WASHINGTON — A second railroad is now participating in a major federal rail safety pilot program designed to allow employees the ability to voluntarily and anonymously report “close call” incidents that could have resulted in an accident but did not, announced Federal Railroad Administrator Joseph H. Boardman.
“This risk-reduction program provides an indispensable opportunity to analyze ‘close-call’ events to help identify and correct potential safety problems across the industry,” said Boardman, adding that the pilot program is a key element of his agency’s National Rail Safety Action Plan.
Under a waiver granted by the Federal Railroad Administration (FRA), the Canadian Pacific Railway (CP) this week joins the Union Pacific Railroad in the Close Call Reporting System Demonstration Pilot Project. Approximately 350 Wisconsin-based CP employees can report ‘close call’ incidents without fear of sanction or penalty from the railroad or the federal government.
Boardman said that FRA currently requires railroads to routinely report a wide range of accidents and incidents. Even though ‘close calls’ are not accidents in the technical sense, they are potentially serious nonetheless such as failing to properly test an air brake before leaving a yard, proceeding beyond approved track authority while operating a train in dark (non-signaled) territory and lifting objects that place employees at risk for minor personal injuries, he explained.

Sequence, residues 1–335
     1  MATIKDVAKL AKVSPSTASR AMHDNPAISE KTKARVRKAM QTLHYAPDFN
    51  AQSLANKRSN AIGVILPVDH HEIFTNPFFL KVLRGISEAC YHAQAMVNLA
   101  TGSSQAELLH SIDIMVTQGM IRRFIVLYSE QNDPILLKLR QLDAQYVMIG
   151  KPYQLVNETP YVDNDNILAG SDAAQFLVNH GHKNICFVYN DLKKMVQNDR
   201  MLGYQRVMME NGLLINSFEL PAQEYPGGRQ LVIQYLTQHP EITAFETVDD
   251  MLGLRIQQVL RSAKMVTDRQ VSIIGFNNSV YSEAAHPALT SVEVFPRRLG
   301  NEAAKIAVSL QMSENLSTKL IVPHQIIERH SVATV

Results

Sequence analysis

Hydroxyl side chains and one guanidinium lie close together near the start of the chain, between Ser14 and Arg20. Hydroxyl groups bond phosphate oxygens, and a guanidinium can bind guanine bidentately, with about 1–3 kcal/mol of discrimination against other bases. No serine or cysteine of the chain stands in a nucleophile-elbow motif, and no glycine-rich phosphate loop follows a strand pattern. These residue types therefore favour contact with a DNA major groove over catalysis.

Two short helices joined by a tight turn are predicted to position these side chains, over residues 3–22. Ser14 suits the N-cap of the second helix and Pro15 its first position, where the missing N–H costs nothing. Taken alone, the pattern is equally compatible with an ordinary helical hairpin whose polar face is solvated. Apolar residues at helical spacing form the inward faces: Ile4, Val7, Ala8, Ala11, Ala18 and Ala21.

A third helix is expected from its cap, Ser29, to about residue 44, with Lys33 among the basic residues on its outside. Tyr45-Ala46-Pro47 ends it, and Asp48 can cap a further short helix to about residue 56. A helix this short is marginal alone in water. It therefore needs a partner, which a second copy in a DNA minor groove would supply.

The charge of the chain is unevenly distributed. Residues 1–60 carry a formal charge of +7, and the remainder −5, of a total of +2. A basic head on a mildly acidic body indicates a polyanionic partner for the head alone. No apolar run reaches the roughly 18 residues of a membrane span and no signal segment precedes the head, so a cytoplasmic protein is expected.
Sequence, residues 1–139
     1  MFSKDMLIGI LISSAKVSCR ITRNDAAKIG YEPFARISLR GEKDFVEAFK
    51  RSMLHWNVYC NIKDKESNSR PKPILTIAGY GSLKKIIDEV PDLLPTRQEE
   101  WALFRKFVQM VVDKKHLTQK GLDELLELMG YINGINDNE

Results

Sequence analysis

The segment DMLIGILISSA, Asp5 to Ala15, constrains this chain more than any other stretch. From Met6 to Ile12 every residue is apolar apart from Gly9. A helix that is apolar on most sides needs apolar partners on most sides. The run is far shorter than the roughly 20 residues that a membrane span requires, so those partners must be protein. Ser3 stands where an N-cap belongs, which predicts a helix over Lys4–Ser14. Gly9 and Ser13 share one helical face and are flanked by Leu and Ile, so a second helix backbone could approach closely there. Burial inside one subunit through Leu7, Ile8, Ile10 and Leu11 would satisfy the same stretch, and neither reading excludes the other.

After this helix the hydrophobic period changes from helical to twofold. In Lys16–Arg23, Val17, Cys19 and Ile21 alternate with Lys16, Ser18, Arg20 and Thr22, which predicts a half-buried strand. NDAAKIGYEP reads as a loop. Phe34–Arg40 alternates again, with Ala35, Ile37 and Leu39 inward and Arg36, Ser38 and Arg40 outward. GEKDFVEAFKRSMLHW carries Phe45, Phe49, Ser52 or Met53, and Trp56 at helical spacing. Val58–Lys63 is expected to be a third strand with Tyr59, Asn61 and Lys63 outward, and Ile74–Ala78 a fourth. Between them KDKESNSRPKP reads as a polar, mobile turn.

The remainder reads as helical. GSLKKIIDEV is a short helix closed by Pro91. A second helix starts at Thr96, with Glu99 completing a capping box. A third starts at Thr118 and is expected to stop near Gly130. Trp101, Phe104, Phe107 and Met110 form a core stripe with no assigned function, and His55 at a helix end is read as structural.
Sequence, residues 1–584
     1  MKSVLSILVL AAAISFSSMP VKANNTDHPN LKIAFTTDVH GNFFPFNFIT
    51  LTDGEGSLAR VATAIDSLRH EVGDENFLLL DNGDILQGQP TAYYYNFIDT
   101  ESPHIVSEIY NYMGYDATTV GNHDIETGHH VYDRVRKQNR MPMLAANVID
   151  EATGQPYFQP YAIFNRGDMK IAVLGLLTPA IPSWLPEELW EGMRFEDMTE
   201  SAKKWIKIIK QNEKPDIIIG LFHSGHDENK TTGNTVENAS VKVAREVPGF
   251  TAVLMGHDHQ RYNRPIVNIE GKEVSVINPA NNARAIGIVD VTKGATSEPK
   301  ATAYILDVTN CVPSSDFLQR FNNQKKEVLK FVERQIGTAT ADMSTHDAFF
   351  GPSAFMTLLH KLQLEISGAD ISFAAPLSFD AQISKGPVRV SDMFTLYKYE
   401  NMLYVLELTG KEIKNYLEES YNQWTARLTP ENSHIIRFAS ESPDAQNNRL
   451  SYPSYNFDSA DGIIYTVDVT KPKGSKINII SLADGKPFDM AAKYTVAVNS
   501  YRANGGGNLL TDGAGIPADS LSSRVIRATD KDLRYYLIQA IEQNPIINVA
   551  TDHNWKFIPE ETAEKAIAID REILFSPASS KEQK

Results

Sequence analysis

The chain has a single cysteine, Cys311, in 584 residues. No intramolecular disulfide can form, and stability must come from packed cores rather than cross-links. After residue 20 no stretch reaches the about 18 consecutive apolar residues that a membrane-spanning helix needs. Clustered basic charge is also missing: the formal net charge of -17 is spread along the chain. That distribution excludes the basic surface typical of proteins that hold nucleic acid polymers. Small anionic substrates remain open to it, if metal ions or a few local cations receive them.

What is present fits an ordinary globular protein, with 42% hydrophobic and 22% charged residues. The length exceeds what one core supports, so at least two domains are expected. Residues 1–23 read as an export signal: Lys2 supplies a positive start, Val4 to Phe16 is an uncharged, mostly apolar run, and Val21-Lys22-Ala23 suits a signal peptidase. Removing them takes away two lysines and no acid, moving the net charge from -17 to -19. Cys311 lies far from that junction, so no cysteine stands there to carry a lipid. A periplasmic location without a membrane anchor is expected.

The cumulative results of ‘close call’ reports are being studied to determine areas of potential risk and to develop solutions to prevent and minimize their occurrence in the future, Boardman said. Any reports that require immediate action will be handled promptly. Similar programs already exist in the aviation and mining industries.
In order to participate, the CP, the Brotherhood of Locomotive Engineers and Trainmen (BLET) and the United Transportation Union (UTU) each ratified an agreement with the FRA to allow employees to make confidential reports of ‘close calls’ to the U.S. Department of Transportation’s Bureau of Transportation Statistics.
UP employees at the nation’s largest rail yard in North Platte, NE, began reporting ‘close calls’ in February 2007. FRA is actively working with the Alaska Railroad so that it may become the third railroad in this program. In addition, the Bush Administration has requested $1.2 million in its proposed FY09 budget to operate and expand this pilot program.
For more information, visit http://www.fra.dot.gov/us/content/1913.